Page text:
—And He Built a Crooked House

One of the great science fiction short classics is Heinlein’s “—And He Built a Crooked House,” in which a character builds a house in the shape of an unfolded four-dimensional hypercube or tesseract (I’ve always wanted one like it):

Just as a cube folds out into six squares, a tesseract folds out into eight cubes. Now this makes for an interesting house design, but even more interesting is that, during an earthquake, the house “folds up” in the fourth dimension. Which is hard to picture. This is one view, which gets the connections between the eight cubes right, but ignores the fact that they all have the same size and shape:

In Heinlein’s words:

‘That’s a tesseract, eight cubes forming the sides of a hypercube in four dimensions.’
‘It looks more like a cat’s cradle to me. You’ve only got two cubes there anyhow. Where are the other six?’
‘Use your imagination, man. Consider the top of the first cube in relation to the top of the second; that’s cube number three. Then the two bottom squares, then the front faces of each cube, the back faces, the right hand, the left hand—eight cubes.’ He pointed them out.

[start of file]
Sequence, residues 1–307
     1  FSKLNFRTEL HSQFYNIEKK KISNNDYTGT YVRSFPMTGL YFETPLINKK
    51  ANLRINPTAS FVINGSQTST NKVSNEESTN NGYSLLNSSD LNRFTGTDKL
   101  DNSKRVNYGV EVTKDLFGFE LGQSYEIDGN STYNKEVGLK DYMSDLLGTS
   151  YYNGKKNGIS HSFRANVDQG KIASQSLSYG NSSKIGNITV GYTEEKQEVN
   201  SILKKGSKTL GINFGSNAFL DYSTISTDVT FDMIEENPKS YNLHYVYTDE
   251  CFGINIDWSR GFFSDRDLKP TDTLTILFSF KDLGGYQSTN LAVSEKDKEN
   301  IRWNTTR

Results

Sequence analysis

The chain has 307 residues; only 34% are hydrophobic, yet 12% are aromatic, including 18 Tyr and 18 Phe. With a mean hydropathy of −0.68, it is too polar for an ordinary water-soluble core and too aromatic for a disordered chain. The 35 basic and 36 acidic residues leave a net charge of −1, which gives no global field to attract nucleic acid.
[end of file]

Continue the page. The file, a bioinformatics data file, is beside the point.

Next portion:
‘Yeah, I see ‘em. But they still aren’t cubes; they’re whatchamucallems—prisms. They are not square, they slant.’
‘That’s just the way you look at it, in perspective. If you drew a picture of a cube on a piece of paper, the side squares would be slaunchwise, wouldn’t they? That’s perspective. When you look at a four-dimensional figure in three dimensions, naturally it looks crooked. But those are all cubes just the same.’

Here is another view (on second thoughts, maybe living in a house like that would make me sea-sick):


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